Anointed With Hope
Thousands of pounds of free food and goods and dozens of services were given away on Molokai last weekend during what has been called the largest humanitarian event in the island’s history. But more importantly, organizers of the Weekend of Hope said the event was a celebration of fellowship, unity and helping your neighbor.
The Weekend of Hope, held Friday through Sunday at the Kaunakakai Ball Park, was the culmination of months of planning and the efforts of 11 local churches as well as organizers nation-wide. The weekend included three major events: the Convoy of Hope that provided a host of free food and services; the Concert of Hope, featuring well-known musicians from around Hawaii and the country; and the Message of Hope on Sunday morning — a unified church service that spoke directly to the true intention of the weekend’s events. That message, in the words of event coordinator Pastor Cameron Hiro, was the “spirit of unity.”
”This is not a onetime thing, this is a movement,” said Hiro, adding he hopes the Weekend of Hope is just the beginning of similar events that serve residents and bring the community together. The main goal of the Convoy was to meet the needs of the people and have the churches working together, according to Hiro.
The event offered free haircuts to CPR training, groceries to music, family portraits to a kid zone. Nearly 3,000 residents attended Saturday’s festivities, and an estimated 400 volunteers took part. Seven desktop computers were given to local families, along with shoes, backpacks, socks, light bulbs and many other necessities.
Pastor George Nagato, a Convoy greeter and volunteer leader, showed a passion for the event’s mission that uplifted fellow volunteers. The event impacted people “physically, emotionally, mentally, and spiritually,” according to Nagato.
The Convoy of Hope is a nation-wide humanitarian effort to provide food and services to those in need that has been held on Oahu since 2011. Organizers said they have also done work in Haiti, Japan, and other international locations. Convoy of Hope not only helps in places of poverty but any place in the world where spiritual uplifting is needed, according to Staff Volunteer Hugh Duncan .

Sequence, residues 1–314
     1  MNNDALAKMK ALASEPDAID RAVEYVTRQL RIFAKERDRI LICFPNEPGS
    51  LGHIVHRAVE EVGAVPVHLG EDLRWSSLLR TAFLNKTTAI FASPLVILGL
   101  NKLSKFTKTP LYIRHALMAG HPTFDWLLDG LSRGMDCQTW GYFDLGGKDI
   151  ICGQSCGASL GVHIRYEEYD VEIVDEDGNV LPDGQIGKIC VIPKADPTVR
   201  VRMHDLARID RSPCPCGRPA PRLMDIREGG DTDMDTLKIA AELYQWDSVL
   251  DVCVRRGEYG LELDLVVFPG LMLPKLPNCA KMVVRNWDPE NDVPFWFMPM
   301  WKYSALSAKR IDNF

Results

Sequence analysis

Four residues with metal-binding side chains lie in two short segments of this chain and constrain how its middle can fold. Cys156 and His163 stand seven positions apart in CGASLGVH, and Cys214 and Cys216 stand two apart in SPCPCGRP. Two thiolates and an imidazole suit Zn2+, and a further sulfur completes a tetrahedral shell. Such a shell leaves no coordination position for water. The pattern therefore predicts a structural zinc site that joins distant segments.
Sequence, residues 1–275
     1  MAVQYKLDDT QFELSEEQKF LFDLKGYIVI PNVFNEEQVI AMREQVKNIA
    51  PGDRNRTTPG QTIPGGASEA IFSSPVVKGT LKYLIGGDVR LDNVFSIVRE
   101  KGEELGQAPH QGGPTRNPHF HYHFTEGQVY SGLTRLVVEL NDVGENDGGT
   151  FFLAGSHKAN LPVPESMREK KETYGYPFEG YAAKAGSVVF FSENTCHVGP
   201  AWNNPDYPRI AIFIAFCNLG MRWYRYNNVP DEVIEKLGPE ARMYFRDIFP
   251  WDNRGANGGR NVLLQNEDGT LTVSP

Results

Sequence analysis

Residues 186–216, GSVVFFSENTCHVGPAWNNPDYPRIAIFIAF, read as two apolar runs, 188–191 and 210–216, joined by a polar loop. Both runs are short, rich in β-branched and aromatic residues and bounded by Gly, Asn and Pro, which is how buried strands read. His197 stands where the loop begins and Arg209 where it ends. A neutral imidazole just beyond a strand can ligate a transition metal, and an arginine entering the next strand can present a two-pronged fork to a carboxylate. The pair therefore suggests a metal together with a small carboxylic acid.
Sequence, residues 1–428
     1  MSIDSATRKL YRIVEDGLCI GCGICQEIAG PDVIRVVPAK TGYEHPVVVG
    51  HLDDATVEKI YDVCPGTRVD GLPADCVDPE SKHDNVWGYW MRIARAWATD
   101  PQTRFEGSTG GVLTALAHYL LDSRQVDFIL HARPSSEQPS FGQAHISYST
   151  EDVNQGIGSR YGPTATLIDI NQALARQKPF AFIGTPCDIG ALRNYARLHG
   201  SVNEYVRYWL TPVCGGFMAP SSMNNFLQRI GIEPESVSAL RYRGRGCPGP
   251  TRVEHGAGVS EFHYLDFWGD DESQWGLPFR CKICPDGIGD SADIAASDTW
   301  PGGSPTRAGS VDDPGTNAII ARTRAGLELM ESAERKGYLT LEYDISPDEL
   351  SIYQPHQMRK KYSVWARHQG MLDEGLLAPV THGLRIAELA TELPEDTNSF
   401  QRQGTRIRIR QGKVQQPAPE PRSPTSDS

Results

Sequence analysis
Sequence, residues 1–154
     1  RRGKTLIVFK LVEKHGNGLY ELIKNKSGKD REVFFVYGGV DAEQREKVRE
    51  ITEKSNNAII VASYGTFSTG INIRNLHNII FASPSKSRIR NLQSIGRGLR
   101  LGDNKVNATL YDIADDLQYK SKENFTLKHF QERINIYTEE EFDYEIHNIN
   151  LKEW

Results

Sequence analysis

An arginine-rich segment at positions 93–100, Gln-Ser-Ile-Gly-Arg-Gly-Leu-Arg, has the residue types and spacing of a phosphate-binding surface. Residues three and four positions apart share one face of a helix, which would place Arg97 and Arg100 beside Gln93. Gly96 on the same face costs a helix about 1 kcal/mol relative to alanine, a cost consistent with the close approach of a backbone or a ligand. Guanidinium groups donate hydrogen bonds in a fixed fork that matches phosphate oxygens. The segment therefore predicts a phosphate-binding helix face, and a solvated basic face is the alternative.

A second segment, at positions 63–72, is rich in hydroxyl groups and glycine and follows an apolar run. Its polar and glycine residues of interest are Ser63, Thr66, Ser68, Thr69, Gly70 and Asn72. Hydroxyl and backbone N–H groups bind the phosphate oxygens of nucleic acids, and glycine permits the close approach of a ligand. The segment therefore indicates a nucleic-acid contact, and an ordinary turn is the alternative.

This is the first year that the Convoy has come to Molokai, and local organizers combined the event with the existing annual Molokai Concert of Hope.
Convoy Senior Director Ron Showers, who has been actively involved with the effort for eight years, said the Convoy of Hope normally selects locations through the invitation of a government body or community leaders to get the local people actively involved. As Showers puts it, the Convoy’s mission is “neighbors helping neighbors.”
Lynette Eastman is a Convoy organizer who helped greet and count incoming guests. She said she truly felt “anointed” to be on Molokai and to be part of this effort. She said she felt that God chose Molokai at the right time for this event.
Award-winning Hawaii musicians Barrett and Tara Awai have toured all over the nation and performed at Molokai’s Concert of Hope. They described Molokai as “different” and a completely unique experience. They felt the crowd was welcoming and brought a huge feeling of satisfaction.
Amid the free services and music, the message of Christ remained a cornerstone of the event, and prayer circles offered families a spiritual grounding. Jaia and Malia Waits and their son were among many prayer circle participants. The couple shared their experience finding the right church for their family. Having recently switched to a new church, Malia asked their son how he felt about it, and he said he enjoyed it because “they love me” and he feels a warm embrace when he arrives.
Similarly, many Weekend of Hope attendees said they felt welcomed by the event’s spirit of togetherness. Local organizers called the event a success and said they hope to make it even bigger next year.